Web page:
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The natural world is a constant source of inspiration for the global community. Movies, songs, books and artworks aplenty have all been created in awe of it and the Art Gallery of WA’s current exhibition, The Botanical: Beauty and Peril is no exception. It’s comprised of the work of several Australian artists, who were all in some way either sparked or terrified by nature.

An extensive contribution to the exhibit were the artworks on loan from the Janet Holmes á Court Collection. Janet herself is a very vibrant woman. She greeted me with keen eyes and wore a pair of unique pop-art style glasses. She talked about her collection of artworks with such fondness as if they were her own children. When asked about what message she hoped to convey through The Botanical ­ exhibition, her passion for the natural world and its raw beauty was evident. “We live in a biodiversity hotspot, we have the most extraordinary range and variety of natural plants here and what we’re doing is slowly diminishing that.” She hopes that people will learn to love and protect the environment as it quickly disappears due to our actions.

William Robinson’s 1988, The Creation series, was one example; a convoluted and intricate piece of work spanning across five canvases. One is almost reminded of the movie Inception while viewing the artworks, as it depicts a distorted view of the landscape with colossal gum trees stretching out of view and folding into the glassy reflection of a pond and cattle beside it.

Artwork by William Robinson: Fire mountain landscape from The Creation series (series of five paintings) 1988, oil on linen, State Art Collection, AGWA.

Janet is also an avid collector of Indigenous artwork. Her interest in collecting such art was first inspired by an exhibition that she visited in London in the ’80s, Mr Sandman. “It was just so wonderful”, she recalls, her eyes lighting up at the mention of it. Sure enough, she called her husband and told him that he had to come and see it. They were so in love with the artwork that they bought the whole exhibition and the rest is history.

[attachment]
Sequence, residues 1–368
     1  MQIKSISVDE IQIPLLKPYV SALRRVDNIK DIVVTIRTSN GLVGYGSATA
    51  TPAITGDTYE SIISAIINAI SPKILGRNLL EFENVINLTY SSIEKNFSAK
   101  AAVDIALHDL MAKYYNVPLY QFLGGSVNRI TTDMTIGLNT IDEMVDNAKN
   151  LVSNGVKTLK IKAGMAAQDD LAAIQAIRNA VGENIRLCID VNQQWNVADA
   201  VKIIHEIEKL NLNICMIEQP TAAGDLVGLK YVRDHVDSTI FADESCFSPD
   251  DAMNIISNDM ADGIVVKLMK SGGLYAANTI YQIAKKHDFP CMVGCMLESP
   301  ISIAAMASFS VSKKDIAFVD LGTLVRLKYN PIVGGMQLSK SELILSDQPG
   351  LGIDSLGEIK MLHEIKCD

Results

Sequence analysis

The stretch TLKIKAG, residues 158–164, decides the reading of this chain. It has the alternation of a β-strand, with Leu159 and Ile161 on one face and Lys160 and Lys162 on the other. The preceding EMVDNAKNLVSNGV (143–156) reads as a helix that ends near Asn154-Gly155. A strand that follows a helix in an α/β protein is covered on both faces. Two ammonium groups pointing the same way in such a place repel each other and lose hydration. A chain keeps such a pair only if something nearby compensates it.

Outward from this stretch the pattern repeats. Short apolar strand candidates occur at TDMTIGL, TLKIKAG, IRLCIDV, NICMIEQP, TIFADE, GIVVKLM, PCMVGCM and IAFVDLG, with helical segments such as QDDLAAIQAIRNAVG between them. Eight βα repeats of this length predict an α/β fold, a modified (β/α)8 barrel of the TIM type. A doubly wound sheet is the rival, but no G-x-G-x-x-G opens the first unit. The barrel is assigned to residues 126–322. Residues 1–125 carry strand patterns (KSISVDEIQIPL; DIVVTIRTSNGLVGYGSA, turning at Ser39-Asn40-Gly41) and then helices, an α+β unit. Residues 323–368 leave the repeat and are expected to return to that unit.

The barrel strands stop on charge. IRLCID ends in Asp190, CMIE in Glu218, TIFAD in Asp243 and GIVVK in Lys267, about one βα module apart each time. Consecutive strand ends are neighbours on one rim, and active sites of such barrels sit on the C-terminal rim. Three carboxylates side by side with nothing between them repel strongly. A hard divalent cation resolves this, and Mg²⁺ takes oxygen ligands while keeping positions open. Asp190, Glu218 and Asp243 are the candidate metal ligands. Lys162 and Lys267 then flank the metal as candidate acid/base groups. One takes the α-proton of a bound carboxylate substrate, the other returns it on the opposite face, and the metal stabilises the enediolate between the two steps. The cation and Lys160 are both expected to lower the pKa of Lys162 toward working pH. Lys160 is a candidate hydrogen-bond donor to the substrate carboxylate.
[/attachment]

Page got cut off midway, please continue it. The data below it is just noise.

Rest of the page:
Annie Dorrington’s iconic watercolour wildflower collection was on show as well, exhibiting her detailed portrayal of the plants and their natural beauty. I was mesmerised by the way in which she was able to capture the silken nature of flowers, her paintings emulating a delicate tone.

Brian Robinson’s …and meanwhile back on earth the blooms continue to flourish assaulted the senses with an explosion of colour and shape. Unlike the rest of the artwork in the exhibition, Robinson’s sculptures had a futuristic element to them––there was no classical style to the piece. He used a variety of mediums such as wood, steel, feathers and plant fibre to create the bouquet of exquisite, geometric wildflowers. Where Dorrington’s wildflowers were gentle, Robinson managed to capture the other side of the spectrum; their eccentricity and dynamism.

Artwork by Brian Robinson: …and meanwhile back on earth the blooms continue to flourish 2013, wood, plastic, steel, synthetic polymer paint, feathers, plant fibre and shell, State Art Collection, AGWA.

Hanging in the centre of the room was a collection of batiks by the Utopian women of the Northern Territory. A wide array of colours and shapes adorned the material as they slowly swayed in the breeze of passers-by. The silks are very well-travelled, having been exhibited in the likes of Kuala Lumpur and China. They usually travel in groups of around five at a time, but the Art Gallery of Western Australia is lucky enough to have 18 on display. The sheer size of the silks is enough to draw your attention to them but as you delve deeper into the designs, it’s the little details that keep you hooked. Lizards, beetles and animal tracks are just a few of the symbols depicted. The designs are akin to those which are painted upon the community for ceremonies, further enriching the cultural significance of the silks. They represent the stories and songs of past and present Indigenous generations, made to be passed onto the next.

Collection of batiks, photo by Paris Doick.

The exhibition focuses on our interruption of the natural world. The bush fires that have occurred, the degradation of soil and the depletion of wildlife biodiversity are all because of our thoughtless actions when using natural resources. The Botanical is a call to action, a call to appreciate the natural wonders of our world and turn the future around before it is doomed. It showcases the beauty of the planet in which we are lucky enough to call home but also the ugly truth––it will fade fast if we do nothing to help it.

Artwork by Peter Usher: Dusk Shadows 2017, photo by Paris Doick.

 

The Botanical: Beauty and Peril is on show from 6th July until 4th November at the Art Gallery of Western Australia.